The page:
Lost recording of Dr. King found

    Forty-four years after his death, new material from one of the most quotable people who ever lived has just been released.

    A tape of one of Dr. Martin Luther King’s old interviews was recently found and will soon go up for auction.

    A man in Chattanooga, TN discovered the old reel-to reel while going through some boxes in an attic,. The man, who declined to be interviewed, revealed to CNN that the tape had belonged to his father, an author who was writing a book on racial tensions, which he never finished.

    The tape, which was authenticated by a broker who is handling the sale of the original recording, was produced on December 21, 1960 and features Dr. King speaking about non-violence saying, “If one is truly non-violent, that person has a loving spirit.”

    King also offered an almost eerily accurate assessment of the historical significance of the sit-ins.

    “When the history books are written in future years, historians will have to record this movement as one of the greatest epics of our heritage,” proclaimed the stentorian Dr. King. He continued, “I think the movement represents struggle on the highest level of dignity, and discipline, no one of good will can disagree with the ends of the sit-in movement, the end to break down all barriers between people on the basis of race or color.”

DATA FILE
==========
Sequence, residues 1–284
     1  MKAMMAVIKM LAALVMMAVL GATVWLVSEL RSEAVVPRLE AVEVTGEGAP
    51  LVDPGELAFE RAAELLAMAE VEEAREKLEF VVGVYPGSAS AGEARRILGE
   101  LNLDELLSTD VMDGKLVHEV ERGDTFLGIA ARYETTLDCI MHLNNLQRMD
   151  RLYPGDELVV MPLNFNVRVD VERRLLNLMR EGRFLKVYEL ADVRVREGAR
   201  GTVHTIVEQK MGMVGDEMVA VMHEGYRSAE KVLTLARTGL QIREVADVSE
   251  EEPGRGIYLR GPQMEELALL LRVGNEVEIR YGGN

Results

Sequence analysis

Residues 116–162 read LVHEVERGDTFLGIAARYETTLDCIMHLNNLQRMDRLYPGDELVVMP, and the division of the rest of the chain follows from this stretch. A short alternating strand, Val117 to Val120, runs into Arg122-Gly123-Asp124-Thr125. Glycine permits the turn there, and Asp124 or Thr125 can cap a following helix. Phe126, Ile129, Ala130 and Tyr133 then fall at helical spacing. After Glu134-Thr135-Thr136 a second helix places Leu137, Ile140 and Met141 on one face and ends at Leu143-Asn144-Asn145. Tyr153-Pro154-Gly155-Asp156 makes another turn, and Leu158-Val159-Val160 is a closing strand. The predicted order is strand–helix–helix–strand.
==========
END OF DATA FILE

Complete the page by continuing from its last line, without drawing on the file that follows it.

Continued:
CNN also interviewed Harry Johnson, President and CEO of the Washington D.C. Martin Luther King Jr. National Memorial Project Foundation who believes that this will not be the last time someone finds a lost tape of Dr. King.

    While there is no guarantee as to whether or not more recordings like this one will be unearthed, one thing that is certain is that Dr. King’s words remain as relevant to this day as they ever have.

    Hear Dr. King’s words below.




    See photos from the King Memorial below.

    —Jacob Rohn


    Should the new found King audio be auctioned off, or should it be donated to a museum? Leave your comments below.


    Here’s more:
    MLK Memorial dedicated in D.C.




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